On his personal blog about adoption, fatherhood, and parenting, WACAP CEO Greg Eubanks reflects on mistakes made and lessons learned. Sharing one of his recent posts below, Greg talks about the difference that a trust-based, relational approach could have made … and what’s “better than being right.”


“Bear With You”

When I was a young parent, I thought I knew it all.

I was armed with the best information on parenting, and it was great stuff. I was going to parent with love and reason. To my brain, it all made sense. It was logical! There were explanations for things, and behaviors lead to consequences both good and bad. If there was a problem, I could identify it and propose a solution.

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The problem here was that my solutions never seemed to work. So, I felt like a failure. My children grew increasingly frustrated, and I’m sure they felt isolated and often labeled as troublemakers. We just couldn’t figure out a good way to climb out of our arguments, and that led to resentment. And that’s never good for relationships.

New Information

Here’s what I now know: Children from hard places have all experienced complex developmental trauma. And this changes their brain chemistry. Physiologically, biologically¸ they perceive threats at every turn. Their brain is hypervigilant, stuck in fight, flight or freeze. Can you imagine? Can you even begin to put yourself in that place where every day feels like your life is at risk?

This is no manipulative behavior. It’s survival. And, I’ll say again, it’s biological. When you are in survival mode, you can’t think rationally. So, surprise, consequences don’t work. At all. They actually end up verifying assumptions believed by our children: they are bad, they don’t have a voice, they are at risk, and adults can’t be trusted.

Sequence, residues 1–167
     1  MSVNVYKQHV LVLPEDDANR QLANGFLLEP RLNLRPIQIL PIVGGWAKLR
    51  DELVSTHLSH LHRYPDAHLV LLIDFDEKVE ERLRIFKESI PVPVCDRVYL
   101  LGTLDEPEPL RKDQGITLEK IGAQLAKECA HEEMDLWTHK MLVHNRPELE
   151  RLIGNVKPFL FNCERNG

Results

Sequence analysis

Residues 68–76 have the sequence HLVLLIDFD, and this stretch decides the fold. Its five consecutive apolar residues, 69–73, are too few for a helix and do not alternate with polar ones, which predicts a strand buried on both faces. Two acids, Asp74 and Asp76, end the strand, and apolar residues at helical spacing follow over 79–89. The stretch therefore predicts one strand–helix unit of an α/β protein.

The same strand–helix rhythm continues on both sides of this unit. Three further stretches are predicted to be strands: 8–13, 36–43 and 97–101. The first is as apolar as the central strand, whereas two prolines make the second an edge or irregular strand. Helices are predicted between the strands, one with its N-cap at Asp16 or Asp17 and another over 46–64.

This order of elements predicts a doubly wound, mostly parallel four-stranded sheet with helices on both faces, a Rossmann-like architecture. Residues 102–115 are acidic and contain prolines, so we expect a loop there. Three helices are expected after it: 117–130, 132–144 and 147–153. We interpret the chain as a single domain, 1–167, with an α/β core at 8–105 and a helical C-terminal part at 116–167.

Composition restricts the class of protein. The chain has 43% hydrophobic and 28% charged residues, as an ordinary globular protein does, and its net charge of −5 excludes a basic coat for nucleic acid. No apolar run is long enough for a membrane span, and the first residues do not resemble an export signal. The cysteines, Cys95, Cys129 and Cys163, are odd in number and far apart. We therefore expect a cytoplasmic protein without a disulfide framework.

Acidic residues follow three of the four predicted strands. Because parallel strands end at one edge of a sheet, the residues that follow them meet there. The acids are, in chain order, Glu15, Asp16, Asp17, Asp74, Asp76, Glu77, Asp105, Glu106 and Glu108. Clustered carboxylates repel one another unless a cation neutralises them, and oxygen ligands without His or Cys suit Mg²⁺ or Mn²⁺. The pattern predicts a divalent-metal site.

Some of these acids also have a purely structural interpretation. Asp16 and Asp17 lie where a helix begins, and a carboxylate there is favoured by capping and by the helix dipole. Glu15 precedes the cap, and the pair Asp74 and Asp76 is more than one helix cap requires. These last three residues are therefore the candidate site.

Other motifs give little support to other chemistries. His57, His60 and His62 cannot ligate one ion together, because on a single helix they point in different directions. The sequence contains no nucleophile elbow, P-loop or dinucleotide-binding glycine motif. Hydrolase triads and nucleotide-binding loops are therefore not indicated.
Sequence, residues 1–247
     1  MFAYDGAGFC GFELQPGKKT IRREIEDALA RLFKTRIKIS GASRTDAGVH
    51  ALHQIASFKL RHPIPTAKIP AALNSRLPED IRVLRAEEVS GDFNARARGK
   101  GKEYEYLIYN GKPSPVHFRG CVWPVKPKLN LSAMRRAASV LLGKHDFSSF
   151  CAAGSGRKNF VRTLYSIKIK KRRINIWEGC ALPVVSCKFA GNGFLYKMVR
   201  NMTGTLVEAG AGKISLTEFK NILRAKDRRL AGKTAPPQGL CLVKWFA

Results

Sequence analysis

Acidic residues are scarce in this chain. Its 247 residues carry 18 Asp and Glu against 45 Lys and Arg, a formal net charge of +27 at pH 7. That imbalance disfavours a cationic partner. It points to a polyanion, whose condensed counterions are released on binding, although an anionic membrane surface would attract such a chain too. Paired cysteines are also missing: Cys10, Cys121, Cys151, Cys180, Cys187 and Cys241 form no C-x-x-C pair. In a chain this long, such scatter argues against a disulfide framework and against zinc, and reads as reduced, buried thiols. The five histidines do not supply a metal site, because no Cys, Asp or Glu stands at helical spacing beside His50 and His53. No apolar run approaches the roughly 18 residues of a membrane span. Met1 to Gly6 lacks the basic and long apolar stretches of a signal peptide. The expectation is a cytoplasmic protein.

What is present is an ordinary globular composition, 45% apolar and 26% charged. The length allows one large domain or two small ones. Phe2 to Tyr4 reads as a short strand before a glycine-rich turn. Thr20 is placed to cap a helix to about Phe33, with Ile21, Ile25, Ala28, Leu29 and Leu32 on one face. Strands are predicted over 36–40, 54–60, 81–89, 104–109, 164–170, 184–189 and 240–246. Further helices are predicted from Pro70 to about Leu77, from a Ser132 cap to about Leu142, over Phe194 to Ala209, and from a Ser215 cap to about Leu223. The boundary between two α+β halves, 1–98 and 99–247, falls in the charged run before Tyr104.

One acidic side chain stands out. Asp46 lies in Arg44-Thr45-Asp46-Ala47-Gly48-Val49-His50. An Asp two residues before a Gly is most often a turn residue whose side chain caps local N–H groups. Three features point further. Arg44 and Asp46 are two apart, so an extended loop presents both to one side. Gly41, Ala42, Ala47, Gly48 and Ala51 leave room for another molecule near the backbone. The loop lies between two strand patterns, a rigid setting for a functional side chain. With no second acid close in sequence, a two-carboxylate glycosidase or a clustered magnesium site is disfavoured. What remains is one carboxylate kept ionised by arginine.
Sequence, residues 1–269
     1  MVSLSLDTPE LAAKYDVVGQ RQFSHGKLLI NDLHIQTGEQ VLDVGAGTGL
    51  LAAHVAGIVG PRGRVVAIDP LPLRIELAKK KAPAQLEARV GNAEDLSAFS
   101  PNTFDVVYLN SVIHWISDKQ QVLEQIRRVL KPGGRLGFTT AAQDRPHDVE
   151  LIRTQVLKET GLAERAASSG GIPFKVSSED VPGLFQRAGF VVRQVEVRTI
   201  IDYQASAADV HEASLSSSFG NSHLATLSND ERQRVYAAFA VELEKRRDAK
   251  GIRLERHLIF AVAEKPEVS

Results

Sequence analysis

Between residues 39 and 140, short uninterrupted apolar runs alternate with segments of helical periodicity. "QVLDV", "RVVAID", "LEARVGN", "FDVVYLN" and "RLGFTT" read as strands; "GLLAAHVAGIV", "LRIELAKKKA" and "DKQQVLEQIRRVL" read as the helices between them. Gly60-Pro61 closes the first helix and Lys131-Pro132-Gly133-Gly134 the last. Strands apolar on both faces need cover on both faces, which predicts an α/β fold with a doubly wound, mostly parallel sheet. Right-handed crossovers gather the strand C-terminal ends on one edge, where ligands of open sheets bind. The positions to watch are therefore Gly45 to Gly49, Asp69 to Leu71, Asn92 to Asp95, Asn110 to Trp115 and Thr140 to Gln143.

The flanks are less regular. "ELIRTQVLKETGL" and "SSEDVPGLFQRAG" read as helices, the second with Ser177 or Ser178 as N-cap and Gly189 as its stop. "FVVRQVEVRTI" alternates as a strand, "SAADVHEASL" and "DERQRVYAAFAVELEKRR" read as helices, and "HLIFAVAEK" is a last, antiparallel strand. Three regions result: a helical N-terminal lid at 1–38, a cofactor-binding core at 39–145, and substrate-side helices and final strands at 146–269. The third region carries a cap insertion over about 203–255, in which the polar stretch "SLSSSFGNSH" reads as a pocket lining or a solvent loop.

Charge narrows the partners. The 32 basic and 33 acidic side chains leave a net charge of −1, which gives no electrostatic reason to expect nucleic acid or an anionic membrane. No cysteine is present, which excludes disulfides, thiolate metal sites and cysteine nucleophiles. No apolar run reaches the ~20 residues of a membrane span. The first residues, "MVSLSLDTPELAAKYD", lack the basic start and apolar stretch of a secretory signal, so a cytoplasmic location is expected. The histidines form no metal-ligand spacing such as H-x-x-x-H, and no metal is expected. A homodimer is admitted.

I regret that I didn’t know this before. I hate that I didn’t spend near enough time connecting with my children, because I was so focused on correcting them.

So, in the adoption world, we are now all about trauma-informed care. The sad truth is that relationship-based trauma is something experienced by every child of adoption, and it changes the brain. The hopeful news is that our brains can heal and develop new connections.

At WACAP, the agency where I work, we are training together to implement a new model with our families. It’s called Trust-Based Relational Interventions (TBRI®). Empower the body and environment for learning, Connect with your child, and give them a voice, a language for correcting problematic behaviors. Balance structure with nurture.

I’m trying to connect now.

It’s a complex thing, the impact that my personality had on the relationships I’ve developed with my children. And I’ve learned over the past several years that it is vital for us parents to understand our own attachments, our approach to life that we bring to the relationships we build with our children.

Me, I wanted to fix everything. Because I need to be good. I need to be right. I need to bring something of value to the table if I’m going to be worth anything. So, when I couldn’t fix the problems in my family, I was lost.

So now, I have a mantra: “It is better to be kind than right.” I work hard to just be with the people in my life and not try so hard to fix their problems, which – I’m sure – feels like I’m trying to fix them. As if they’re broken. They are not.

You know, when someone you love is hurting, it really sucks to stand by and watch it happen. But to say to them, “I’m here,” and just bear it along with them? That’s powerful. I’m here. I’m on your side. I’m sorry this is happening. I’m with you.